What are the tonsils?

The tonsils are two small glands in the throat. Their role is to protect the immune system in early childhood. After the age of three their role is significantly reduced and they usually shrink.

The human body can fight infections even without the presence of tonsils.


When should they be removed?

They are usually removed if they cause recurrent episodes of tonsillitis. Another reason for removing them is throat obstruction due to enlargement causing breathing problems. In certain cases tonsils are so big in children that they cause breathing problems during sleep.

A peritonsillar abscess is a swelling arising in the area next to the tonsil due to infection (tonsillitis). Individuals that suffered a peritonsillar abscess usually decide to have a tonsillectomy in order to avoid future recurrence of the problem.

Also, tonsils are removed and biopsied if there is any clinical suspicion of malignancy (cancer). This is usually suspected if there is a rapid growth in the size of the tonsil, ulceration or haemorrhage. Tonsillar malignancy is however extremely rare.


What happens before the operation?

Inform your doctor in case you or your child are suffering from a cold as the operation might need to be postponed until you recover. It is also important that your doctor knows if you have regualar bruises or a family history of haematological problems.


How is the operation performed?

The operation takes place under a general anaesthetic. The tonsils are removed through the mouth and the bleeding is stopped. The operation lasts approximately 30 minutes.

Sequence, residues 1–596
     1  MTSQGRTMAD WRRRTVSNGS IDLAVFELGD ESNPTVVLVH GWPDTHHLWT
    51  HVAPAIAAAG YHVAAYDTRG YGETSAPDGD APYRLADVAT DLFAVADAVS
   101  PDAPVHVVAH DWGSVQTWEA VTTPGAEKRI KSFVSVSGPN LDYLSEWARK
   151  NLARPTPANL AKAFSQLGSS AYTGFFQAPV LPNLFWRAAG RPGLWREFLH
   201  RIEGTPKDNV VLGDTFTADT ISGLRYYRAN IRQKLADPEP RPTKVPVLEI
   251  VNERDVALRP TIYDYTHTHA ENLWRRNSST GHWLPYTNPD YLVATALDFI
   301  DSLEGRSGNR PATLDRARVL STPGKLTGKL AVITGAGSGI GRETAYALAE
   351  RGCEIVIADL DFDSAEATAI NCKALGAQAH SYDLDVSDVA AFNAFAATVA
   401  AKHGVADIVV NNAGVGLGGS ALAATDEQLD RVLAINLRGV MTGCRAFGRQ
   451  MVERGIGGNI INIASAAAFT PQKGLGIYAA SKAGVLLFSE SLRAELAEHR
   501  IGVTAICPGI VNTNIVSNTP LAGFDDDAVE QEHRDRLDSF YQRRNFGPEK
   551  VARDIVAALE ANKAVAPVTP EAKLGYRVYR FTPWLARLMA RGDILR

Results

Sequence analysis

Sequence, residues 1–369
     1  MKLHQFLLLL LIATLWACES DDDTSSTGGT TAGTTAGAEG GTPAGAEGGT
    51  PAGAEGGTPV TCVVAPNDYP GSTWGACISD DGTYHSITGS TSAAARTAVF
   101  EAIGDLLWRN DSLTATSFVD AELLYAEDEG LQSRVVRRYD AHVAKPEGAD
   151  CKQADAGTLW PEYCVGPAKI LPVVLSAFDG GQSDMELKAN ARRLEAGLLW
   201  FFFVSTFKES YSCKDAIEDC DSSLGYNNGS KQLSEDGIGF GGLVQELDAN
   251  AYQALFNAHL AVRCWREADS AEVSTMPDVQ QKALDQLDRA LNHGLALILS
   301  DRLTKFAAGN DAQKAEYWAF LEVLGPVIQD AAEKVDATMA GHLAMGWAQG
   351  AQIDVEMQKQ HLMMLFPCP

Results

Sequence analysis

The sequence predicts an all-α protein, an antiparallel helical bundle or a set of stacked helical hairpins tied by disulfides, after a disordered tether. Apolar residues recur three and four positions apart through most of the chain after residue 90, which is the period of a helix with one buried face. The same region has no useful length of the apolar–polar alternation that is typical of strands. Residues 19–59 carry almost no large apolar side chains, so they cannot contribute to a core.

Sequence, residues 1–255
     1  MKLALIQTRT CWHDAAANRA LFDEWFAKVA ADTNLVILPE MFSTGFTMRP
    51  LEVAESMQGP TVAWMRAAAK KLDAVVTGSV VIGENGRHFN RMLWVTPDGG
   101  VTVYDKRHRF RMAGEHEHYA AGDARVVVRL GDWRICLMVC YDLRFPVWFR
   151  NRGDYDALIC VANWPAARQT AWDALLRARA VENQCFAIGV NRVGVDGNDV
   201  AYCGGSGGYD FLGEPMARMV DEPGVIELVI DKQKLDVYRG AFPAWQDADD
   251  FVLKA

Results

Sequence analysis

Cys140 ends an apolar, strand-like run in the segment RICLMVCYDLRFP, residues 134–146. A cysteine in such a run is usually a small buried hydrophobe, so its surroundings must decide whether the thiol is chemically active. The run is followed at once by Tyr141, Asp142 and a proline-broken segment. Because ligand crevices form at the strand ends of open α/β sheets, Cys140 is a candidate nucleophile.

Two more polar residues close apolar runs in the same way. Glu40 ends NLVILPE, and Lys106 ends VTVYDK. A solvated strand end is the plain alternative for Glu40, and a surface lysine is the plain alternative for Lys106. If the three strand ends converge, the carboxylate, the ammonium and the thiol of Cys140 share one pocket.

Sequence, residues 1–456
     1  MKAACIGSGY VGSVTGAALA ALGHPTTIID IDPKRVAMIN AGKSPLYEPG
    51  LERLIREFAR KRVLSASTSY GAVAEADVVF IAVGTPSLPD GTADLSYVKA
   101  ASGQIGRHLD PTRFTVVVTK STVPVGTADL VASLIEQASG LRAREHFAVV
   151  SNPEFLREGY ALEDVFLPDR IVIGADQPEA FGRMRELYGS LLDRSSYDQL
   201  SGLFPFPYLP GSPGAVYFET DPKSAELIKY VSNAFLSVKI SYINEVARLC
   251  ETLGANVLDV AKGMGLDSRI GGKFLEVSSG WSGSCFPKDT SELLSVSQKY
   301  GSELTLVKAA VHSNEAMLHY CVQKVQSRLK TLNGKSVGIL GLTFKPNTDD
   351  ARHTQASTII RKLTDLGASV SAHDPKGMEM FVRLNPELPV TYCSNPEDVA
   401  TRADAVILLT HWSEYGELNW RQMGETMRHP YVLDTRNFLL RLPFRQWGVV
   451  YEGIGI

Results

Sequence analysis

How long am I or my child will be spending in the hospital?

Usually the hospital stay is overnight. Occasionally the operation can be done as a daycase.


What are the possible complications?

Tonsillectomy is usually a safe operation but every operation entails some risks. The commonest risk is haemorrhage. Generally speaking approximately 2 in 100 children will suffer postoperative haemorrhage and will need to return to hospital and one of these children will need to go back to the operating theatre to have the haemorrhage arrested. As far as adults is concerned, 5 out of 100 will suffer postoperative haemorrhage and will need to return to hospital but only 1 in 100 will need to go back to the operating theatre.


What happens after the operation?

Some children might suffer nausea and vomiting the first few hours after the operation but with appropriate medication they return soon back to normality.

The throat will be sore for about 7 days.

The use of regular painkillers is very important for this period of time.

Avoid taking aspirin as this can lead to haemorrhage.

Normal daily diet and lots of fluid are also very important. Chewing a gum can help. Avoid spicy food.

Another thing that can happen is ear-ache. This is very normal and temporary. It is due to a connection of nerves in the throat and ears.

Your throat or your child’s throat will be covered with a white slough. This is also normal and is due to wound healing.

Adults as well as children usually need 10-14 days off work or school. Home rest away from crowds and smoke is mandatory.


Haemorrhage can be serious!

 If you or your child experience throat haemorrhage you have to contact your doctor immediately, or rush to the Accident and Emergency department.